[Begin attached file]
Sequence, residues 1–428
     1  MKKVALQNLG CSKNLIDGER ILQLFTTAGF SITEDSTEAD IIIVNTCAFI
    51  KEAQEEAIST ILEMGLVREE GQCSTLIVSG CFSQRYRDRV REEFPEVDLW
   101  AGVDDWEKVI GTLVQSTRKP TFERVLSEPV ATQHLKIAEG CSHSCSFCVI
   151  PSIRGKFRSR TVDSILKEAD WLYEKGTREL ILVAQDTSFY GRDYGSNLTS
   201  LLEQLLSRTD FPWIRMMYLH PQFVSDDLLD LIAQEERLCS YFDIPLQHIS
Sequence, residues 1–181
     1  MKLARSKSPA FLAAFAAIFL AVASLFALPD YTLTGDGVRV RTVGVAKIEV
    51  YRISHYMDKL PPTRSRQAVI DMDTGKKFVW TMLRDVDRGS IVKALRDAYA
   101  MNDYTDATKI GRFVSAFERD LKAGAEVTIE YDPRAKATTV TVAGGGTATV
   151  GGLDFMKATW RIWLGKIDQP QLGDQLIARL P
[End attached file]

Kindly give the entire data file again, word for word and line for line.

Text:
Sequence, residues 1–428
     1  MKKVALQNLG CSKNLIDGER ILQLFTTAGF SITEDSTEAD IIIVNTCAFI
    51  KEAQEEAIST ILEMGLVREE GQCSTLIVSG CFSQRYRDRV REEFPEVDLW
   101  AGVDDWEKVI GTLVQSTRKP TFERVLSEPV ATQHLKIAEG CSHSCSFCVI
   151  PSIRGKFRSR TVDSILKEAD WLYEKGTREL ILVAQDTSFY GRDYGSNLTS
   201  LLEQLLSRTD FPWIRMMYLH PQFVSDDLLD LIAQEERLCS YFDIPLQHIS
Sequence, residues 1–181
     1  MKLARSKSPA FLAAFAAIFL AVASLFALPD YTLTGDGVRV RTVGVAKIEV
    51  YRISHYMDKL PPTRSRQAVI DMDTGKKFVW TMLRDVDRGS IVKALRDAYA
   101  MNDYTDATKI GRFVSAFERD LKAGAEVTIE YDPRAKATTV TVAGGGTATV
   151  GGLDFMKATW RIWLGKIDQP QLGDQLIARL P